That is one of the tough parts, defining genius. Some may define a long-term welfare person as a genius because they have found a way to 'beat the system' and avoid working. Your first instinct might be to say well no they are making a moral decision to take advantage of a flawed artificial system in order to avoid work. However, we wouldn't be as quick to deny the term 'genius' to someone who does essentially the same thing by investing money in the market or a business to avoid work. The only real differences are the approach and how the time 'not working' is spent.

How about the case that the welfare person has used the system to stay home and all they do is work on philosophy and math, they become extremely knowledgable but they never come up with any really orignal. Is this genius? Is it closer?

How about this case: The welfare person, uses their time to study science and genetics, then bam they figure out a way to just turn cancer off. Now are they a genius? More importantly does their going on welfare show an 'early' piece of genius?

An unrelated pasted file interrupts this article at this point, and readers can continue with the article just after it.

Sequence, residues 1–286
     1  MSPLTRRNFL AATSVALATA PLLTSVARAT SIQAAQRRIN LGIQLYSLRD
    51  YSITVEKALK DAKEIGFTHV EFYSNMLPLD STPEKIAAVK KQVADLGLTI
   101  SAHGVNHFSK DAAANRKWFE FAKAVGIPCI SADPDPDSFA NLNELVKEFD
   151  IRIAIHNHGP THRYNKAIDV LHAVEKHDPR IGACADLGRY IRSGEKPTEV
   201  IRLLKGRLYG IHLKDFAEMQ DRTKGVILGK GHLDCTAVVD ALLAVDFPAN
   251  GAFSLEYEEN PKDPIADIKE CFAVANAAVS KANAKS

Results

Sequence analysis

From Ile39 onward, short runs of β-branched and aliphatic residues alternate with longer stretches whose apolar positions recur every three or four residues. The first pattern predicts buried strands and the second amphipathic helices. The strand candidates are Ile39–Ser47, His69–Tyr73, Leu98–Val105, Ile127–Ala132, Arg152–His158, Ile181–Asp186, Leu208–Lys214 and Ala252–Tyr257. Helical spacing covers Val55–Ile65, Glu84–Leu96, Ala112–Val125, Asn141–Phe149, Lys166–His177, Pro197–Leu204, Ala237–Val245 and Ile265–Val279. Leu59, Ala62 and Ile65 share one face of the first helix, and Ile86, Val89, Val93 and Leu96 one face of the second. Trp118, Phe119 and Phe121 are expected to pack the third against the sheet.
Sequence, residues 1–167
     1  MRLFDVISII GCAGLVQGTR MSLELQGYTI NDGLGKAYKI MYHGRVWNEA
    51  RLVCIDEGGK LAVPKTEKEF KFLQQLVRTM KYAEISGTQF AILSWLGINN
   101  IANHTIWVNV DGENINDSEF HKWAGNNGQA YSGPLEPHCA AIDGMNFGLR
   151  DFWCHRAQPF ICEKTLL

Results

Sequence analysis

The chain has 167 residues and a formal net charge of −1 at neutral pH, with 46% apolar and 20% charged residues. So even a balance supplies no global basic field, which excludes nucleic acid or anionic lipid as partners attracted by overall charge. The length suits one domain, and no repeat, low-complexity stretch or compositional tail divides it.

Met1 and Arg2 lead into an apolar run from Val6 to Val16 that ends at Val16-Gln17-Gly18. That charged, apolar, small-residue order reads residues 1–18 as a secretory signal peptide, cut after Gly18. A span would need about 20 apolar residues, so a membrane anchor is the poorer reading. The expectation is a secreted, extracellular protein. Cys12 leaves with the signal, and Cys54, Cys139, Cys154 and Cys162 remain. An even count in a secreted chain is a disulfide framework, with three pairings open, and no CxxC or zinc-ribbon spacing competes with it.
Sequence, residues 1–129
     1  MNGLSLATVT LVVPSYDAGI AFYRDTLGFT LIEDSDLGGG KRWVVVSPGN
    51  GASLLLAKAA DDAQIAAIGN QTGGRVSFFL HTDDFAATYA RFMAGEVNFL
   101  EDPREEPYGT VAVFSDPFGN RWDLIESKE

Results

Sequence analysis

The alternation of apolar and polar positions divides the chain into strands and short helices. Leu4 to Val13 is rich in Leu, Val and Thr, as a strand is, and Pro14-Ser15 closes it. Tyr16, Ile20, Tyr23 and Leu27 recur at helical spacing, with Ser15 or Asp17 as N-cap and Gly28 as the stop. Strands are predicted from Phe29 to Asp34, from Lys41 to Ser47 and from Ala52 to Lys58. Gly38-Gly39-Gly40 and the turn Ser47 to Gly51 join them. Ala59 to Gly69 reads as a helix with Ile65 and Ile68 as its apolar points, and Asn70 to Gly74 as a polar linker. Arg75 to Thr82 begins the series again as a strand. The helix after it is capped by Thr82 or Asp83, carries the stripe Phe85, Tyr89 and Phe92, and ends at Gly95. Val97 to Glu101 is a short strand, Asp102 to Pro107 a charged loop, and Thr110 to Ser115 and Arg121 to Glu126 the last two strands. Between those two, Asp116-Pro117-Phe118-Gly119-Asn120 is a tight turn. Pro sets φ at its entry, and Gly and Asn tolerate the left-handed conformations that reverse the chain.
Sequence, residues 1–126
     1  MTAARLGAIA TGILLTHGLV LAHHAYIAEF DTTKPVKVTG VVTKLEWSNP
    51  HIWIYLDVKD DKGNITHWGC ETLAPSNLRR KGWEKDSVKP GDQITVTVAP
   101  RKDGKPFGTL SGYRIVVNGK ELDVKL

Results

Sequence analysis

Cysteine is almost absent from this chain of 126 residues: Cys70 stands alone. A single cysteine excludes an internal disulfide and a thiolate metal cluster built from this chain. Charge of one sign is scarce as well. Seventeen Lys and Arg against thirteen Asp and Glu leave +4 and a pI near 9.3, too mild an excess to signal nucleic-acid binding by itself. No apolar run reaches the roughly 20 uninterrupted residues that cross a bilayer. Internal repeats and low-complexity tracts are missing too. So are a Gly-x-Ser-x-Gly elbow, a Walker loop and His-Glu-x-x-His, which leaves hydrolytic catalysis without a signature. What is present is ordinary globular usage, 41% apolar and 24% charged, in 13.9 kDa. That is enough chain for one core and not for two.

Do we define genius by the means or the end? Is it something in between or is it hopelessly subjective?

The smartest guy in my high school (not just high grades), named Floyd, was a phenom in math, science, language etc. In my non professional opinion, I'm willing to bet Floyd was a 160-170 IQ range. He was reading, understanding and relating to Kant, Hiedegger and Ponte when we were in 7th and 8th Grade. Was/Is Floyd a genius? There is no doubt in my mind that he was/is. However,(you probably saw this coming), the last time I saw Floyd (about 5 years ago at the age of 26-27)he was bagging groceries at small local supermarket and had been doing so since he got kicked out of the local state university (where he was double majoring in Math and Chemical Engineering). He got kicked out because he would start these huge arguments in class and would start screaming at the professors.